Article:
During both terms as an MP, Saklatvala worked closely with the left-wing Scottish ILP members.  With his broad outlook, he emphasised the connection between the workers’ struggle in different parts of the Empire. Naturally, he was concerned with the problems of coloni­al workers and peasants, particularly those in India.  There were two organisations in Britain which provided connections between the British Labour movement and India.  There was, of course, Annie Besant’s Home Rule League.  Towards the close of the First World War, the League had aroused support for its aims among ILP branches and trades councils in Yorkshire, South Wales and in some of the larger industrial towns.


Although Saklatvala was a member of the Home Rule League, he sought to fill another need by forming the Workers’ Welfare League in 1916. Its original aim, to work with Indian seamen in London, was broadened to include matters affecting the working conditions of all groups of Indian workers. Moreover, when the All-India Trades Union Congress (AITUC) was established in  1921, the Workers’ Welfare League became its agent in Britain. Apart from Saklatvala, among the WWL’s leading members during its early years, were Arthur Pugh (until about 1924) J. Potter Wilson and George Lansbury. Predictably, given Saklatvala’s political perspective, by the mid-1920s the WWL was identified with the Communists and the Left generally.  After the political rupture of the 1926 General Strike, the League’s shift to the left was viewed with considerable hostility by both the Labour Party leadership and the TUC General Council. If Saklat­vala’s activities in Britain were monitored, thereafter, he was closely watched.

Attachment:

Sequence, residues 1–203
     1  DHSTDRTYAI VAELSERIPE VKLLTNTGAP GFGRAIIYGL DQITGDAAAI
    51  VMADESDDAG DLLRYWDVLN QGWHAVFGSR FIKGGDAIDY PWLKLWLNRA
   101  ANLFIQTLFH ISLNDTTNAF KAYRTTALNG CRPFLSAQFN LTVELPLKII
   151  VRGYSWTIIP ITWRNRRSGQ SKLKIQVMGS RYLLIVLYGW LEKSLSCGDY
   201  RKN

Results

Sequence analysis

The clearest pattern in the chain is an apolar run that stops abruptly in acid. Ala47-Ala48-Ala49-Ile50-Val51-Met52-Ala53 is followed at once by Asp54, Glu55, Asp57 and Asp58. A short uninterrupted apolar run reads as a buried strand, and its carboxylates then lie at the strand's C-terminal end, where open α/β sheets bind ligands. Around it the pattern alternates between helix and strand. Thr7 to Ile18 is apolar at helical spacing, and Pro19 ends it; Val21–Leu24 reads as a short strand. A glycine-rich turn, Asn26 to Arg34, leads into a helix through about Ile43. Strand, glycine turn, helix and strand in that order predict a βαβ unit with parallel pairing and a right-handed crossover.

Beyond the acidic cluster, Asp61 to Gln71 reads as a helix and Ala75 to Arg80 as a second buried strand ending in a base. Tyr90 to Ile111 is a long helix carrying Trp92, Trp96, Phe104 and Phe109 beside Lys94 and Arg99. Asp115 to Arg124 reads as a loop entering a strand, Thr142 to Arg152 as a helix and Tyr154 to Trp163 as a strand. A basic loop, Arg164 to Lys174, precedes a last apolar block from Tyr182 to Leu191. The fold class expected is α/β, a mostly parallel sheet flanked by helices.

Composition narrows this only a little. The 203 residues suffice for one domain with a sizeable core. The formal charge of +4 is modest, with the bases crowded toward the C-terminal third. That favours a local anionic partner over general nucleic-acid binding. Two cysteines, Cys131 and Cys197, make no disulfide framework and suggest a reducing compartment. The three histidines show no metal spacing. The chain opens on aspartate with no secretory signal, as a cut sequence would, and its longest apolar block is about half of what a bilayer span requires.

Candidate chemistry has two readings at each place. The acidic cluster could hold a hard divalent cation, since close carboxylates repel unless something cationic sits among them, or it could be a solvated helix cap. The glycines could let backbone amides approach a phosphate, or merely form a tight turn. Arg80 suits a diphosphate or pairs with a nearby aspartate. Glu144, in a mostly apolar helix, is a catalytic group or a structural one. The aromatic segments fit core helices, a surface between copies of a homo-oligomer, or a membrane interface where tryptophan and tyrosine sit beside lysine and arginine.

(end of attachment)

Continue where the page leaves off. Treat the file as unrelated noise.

Apart from being a black Communist MP in Britain, his political career had always been controversial. However, he remained undeterred in his passion to end oppression.  During this turbulent  period, he played a full part in the many industrial and political disputes.  As an outsider, he was the perfect scapegoat. In October 1921, his home was searched; in 1925, although appointed a member of the British delegation to the Inter-parliamentary Union Congress in Washington, the American Secretary of State revoked his visa; and on the first day of the General Strike (4 May 1926) he was arrested and charged with sedition for a speech he made on May Day urging the Army not to fire on the people.  Forty years later, a Sunday Times writer  described Saklatvala as one of the instigators of the General Strike. In the face of this onslaught, he remained unbowed. He refused to be bound over and was sentenced to two months’ im­prisonment, which was served in Wormwood Scrubs. Moreo­ver, during the period of his arrest and trial, his home (and those of other well-known Communists) was again raided.  These experiences seemed to have strengthened Saklatvala’s resolve. After his release he continued to be active by addressing meetings on behalf of the locked-out miners.  His imprisonment in Britain served only to heighten the struggle of workers elsewhere in the Empire.


Since he settled in England, he had been back to India three times: in 1912-13 (a family visit), in 1913-14 by himself; and finally (after some difficulty in getting permission to enter the country) he arrived in Bombay on 14 January 1927. On his third visit, he re­ceived a hero’s welcome from most sections of the Indian nationalists. Like Gandhi, he supported organised labour in South Africa and directed attention to the need for trade  union and peasant organisations. Moreover, he attended the AITUC Conference as a fraternal delegate, was officially welcomed by several large municipal corporations, and addressed huge audiences.  Whilst the official authorities tried to divide the people, he appealed for communal unity in the essential struggle for an independent India. In this, he urged the left to work within the Congress Party. His experience and involvement with British working-class politics made his appeal to the Indian people more passionate and memo­rable. He was fully aware of Gandhi’s presence and influence. Before he left India, he published an Open Letter to Gandhi whose policies he severely criticised. In the correspondence between them, Gandhi’s reply was published on 17 March 1927 in the Bombay Daily Mail. More letters passed between them, all of which were published in 1970.  During this last visit, Saklatvala spent three months in India.